NotesTab Pro: Nice Idea, But Improvements Needed [Review]

NotesTab Pro: Nice Idea, But Improvements Needed [Review]

NotesTab Pro and begging "join our mailing list" window. Could have been worse; could have said "Please rate us five stars!"

Do we need any more notepad apps for OS X? Of course we do, what a foolish question. We always need more notepad apps. But if a newcomer to the notepad app scene (what, you didn’t know there was a notepad app scene? tut tut) wants to make any impact, it needs to be really, really good at what it does.

NotesTab Pro is one such newcomer, and although it has some appealing features, it doesn’t offer enough to make it stand out from its rivals.

The app comes in both free and paid-for ($3) varieties. I had a look at the latter. The first thing you notice is the iOSishness of the whole thing. It is by no means the first OS X app to adopt the iOS design language, nor will it be the last. That design language works in some cases and not in others – for a notepad app that lives in the Menu Bar, it feels appropriate.

The iOSification doesn’t end there, though. NotesTab looks very similar to Apple’s own Reminders app for iOS, only moreso. The paper background is more textured and crumpled, the notepad’s “exterior” is more skeuomorphic than Apple’s. NotesTab can adopt one of four different themes – leather, carbon, metal or wood. Do you know anyone with a wooden notepad? No, neither do I. But.

Is it actually any good for notes? It’s OK, but in my view, not good enough. There are a number of problems, most of them minor, but together they add up to frustration. And that doesn’t make for a very positive experience.

The app is very mouse- or trackpad-centric. There are some keyboard shortcuts, but they are frustratingly incomplete. So, you can call NotesTab to the front with a command, and create a new note with another. But to return to your list of notes, you’re forced back to clicking.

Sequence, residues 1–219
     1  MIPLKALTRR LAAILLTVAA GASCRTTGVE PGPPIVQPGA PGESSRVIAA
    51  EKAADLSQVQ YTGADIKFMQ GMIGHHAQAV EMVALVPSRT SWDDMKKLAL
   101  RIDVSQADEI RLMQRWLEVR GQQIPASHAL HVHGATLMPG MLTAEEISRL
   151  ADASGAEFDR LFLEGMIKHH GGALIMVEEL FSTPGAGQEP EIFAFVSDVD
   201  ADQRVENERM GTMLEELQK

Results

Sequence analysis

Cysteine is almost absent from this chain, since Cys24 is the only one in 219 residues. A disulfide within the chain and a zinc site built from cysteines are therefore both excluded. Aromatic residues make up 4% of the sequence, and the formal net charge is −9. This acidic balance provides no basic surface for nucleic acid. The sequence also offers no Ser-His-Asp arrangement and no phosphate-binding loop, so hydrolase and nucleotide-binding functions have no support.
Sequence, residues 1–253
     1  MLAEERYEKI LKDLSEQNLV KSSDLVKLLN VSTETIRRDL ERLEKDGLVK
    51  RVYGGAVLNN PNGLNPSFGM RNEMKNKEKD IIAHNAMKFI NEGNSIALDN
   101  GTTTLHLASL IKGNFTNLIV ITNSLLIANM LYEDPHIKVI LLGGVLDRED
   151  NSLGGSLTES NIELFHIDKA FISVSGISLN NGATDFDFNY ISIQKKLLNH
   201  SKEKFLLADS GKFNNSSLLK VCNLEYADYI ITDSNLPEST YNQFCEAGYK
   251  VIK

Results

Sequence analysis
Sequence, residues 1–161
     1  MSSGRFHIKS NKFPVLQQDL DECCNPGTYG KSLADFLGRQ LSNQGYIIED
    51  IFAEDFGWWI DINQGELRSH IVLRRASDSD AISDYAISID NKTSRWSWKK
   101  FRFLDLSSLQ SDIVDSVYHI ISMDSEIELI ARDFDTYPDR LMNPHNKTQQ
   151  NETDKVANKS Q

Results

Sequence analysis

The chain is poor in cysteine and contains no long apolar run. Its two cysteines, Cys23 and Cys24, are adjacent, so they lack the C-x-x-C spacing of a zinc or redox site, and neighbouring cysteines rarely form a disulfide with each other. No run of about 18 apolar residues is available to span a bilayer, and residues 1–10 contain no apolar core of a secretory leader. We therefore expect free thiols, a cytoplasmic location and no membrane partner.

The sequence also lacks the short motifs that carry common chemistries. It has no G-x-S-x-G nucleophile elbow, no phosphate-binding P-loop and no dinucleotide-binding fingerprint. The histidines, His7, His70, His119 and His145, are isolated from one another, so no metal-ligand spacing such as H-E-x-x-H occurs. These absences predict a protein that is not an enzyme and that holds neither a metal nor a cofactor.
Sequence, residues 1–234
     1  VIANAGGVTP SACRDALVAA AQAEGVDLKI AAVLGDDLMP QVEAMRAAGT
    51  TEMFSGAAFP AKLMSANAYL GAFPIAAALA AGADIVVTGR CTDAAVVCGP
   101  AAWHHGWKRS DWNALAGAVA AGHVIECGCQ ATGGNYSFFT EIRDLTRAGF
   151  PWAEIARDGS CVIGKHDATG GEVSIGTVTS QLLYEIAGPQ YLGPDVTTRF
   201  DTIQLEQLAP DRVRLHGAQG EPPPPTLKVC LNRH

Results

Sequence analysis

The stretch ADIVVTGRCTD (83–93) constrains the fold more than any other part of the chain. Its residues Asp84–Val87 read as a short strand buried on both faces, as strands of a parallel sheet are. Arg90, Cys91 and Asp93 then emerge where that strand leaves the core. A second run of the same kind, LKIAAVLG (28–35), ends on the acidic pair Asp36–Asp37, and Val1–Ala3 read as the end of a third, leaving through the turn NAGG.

The themes give you some control over how things look, but you can’t remove the textured paper background. There are some problems with full screen mode – it removes the “new note” and “back to notes list” buttons, which means you’re stuck inside the note you’re editing until you go back to normal window mode. The sharing button only does email right now – no quick access to Twitter or Facebook.

And generally speaking, the app suffers from sluggish performance. It struggled to cope with my typing speed, pausing every so often while my fingers clattered ahead, then catching up a second or so later. It’s a little thing, but it bothered me. I like text apps to keep up with the text I’m putting into them.

A crucial missing feature is syncing. There’s no iCloud or Dropbox support yet, although the developers say both of these are coming.

There’s a helpful little notepad app here, struggling to find its way out. I’d suggest putting this on your apps-to-try list, and waiting a while for an update that tidies things up and adds some degree of syncing. When that happens, NotesTab Pro might be on to something.

Pro: Small, helpful and hidden in the Menu Bar means it’s always to hand

Con: Missing features, bugs, and performance problems make it hard to recommend just yet

About the author

Giles TurnbullGiles Turnbull is a freelance writer in England. He also writes for the Press Association and The Morning News. You can find out more at his website, and follow him on Twitter @gilest.

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